Minimalists give up the quest for a operationalizeable definition of the species category, but require that it be universal and unified (de Queiroz, 1998, 1999, 2005a,b, 2007; Mayden, 1997, 1999; Shun-Ichiro, 2011; Kendig, 2014). Minimalism is thus sensu strictu a sophisticated monism. After looking at several minimalist attempts to accommodate pluralist concerns about species concepts, I argue that minimalism leads to pluralism about the entities by which we define species. If we define species as separately evolving metapopulation lineages, this leads
to pluralism about metapopulation lineages (de Queiroz, 2005a; Haber, 2012). Thus, disjunctivism and minimalism are highly compatible with one another. The difference is that they put the pluralism, as interpreted disjunctively and not eliminatively, in different places (cf. Hull, 1999). I then consider a further objection that minimalism is too permissive (Pigliucci, 2003; Ereshefsky, 2014). One way of countering this objection is to bite the bullet, and argue for an analogy between the traditional notion of species and a permissive minimalism, and the traditional notions of organism as focused on the adult with our modern more permissive understanding of organism (de Queiroz, 1998, 1999). I argue that this strategy fails, because it con icts with current biological practice.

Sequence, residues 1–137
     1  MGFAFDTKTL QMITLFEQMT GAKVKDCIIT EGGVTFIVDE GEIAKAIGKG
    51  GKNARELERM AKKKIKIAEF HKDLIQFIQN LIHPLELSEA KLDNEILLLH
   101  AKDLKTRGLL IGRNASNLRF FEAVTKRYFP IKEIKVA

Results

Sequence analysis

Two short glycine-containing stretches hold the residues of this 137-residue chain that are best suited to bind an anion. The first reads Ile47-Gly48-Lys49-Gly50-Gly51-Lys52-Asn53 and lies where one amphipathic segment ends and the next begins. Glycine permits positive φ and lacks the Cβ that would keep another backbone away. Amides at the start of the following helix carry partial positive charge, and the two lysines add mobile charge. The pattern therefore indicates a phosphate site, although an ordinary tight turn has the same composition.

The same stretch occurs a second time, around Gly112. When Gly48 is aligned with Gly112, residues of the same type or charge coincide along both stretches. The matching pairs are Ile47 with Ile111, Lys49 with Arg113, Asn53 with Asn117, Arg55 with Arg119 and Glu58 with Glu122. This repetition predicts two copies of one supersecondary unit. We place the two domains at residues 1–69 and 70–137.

The last solution to species pluralism and the species category problem is to argue for pragmatic constraints. Even if species pluralism is true, past species delineations should be preserved (de Queiroz and Donoghue, 1988;
Dupre, 1999; Ereshefsky, 2014). A common problem with the solutions thus far considered concerns the extent to which they would affect biological practice. Reflecting on this has caused many initially revolutionary pluralists to gravitate toward pragmatism. Some have argued that accepting pluralism will `lead to Babel' (Ghiselin, 1969, 1997; Hull, 1987, 1989). This is also known as the communication objection to pluralism (Ereshefsky, 1992, 680-681). I argue that these monists are exaggerating the consequences of accepting pluralism (Kitcher, 1984, 327).
"Species" plays too many roles in too many disciplines for it to be changed in any significant way, let alone eliminated from discourse (Dupre, 1999; Ereshefsky, 2014). Pragmatism is much weaker than either minimalism or disjunctivism. I argue that it really tells us nothing about what to do with the conceptual pluralism that has run rampant in biology, other than that we should just continue in the face of it. In effect, it is rather worrisome, because it, of all the positions so far considered, is closest to relativism or cynicism (Kitcher, 1984, 308). Further, pragmatism is compatible with all the different forms of pluralism we have already considered. This again is the general problem with species pluralists solely focusing on the species category problem.
I close this paper by raising two independent questions about the relationship between pluralism and species concepts that are independent of what pluralism implies about the species category problem. First, which species concepts are admitted as legitimate? Second, how do those that remain work in relation to one another? I will explore the ways in which the different forms of species pluralism answer these two questions, especially focusing on the distinction between evolutionary and extra-evolutionary species pluralism.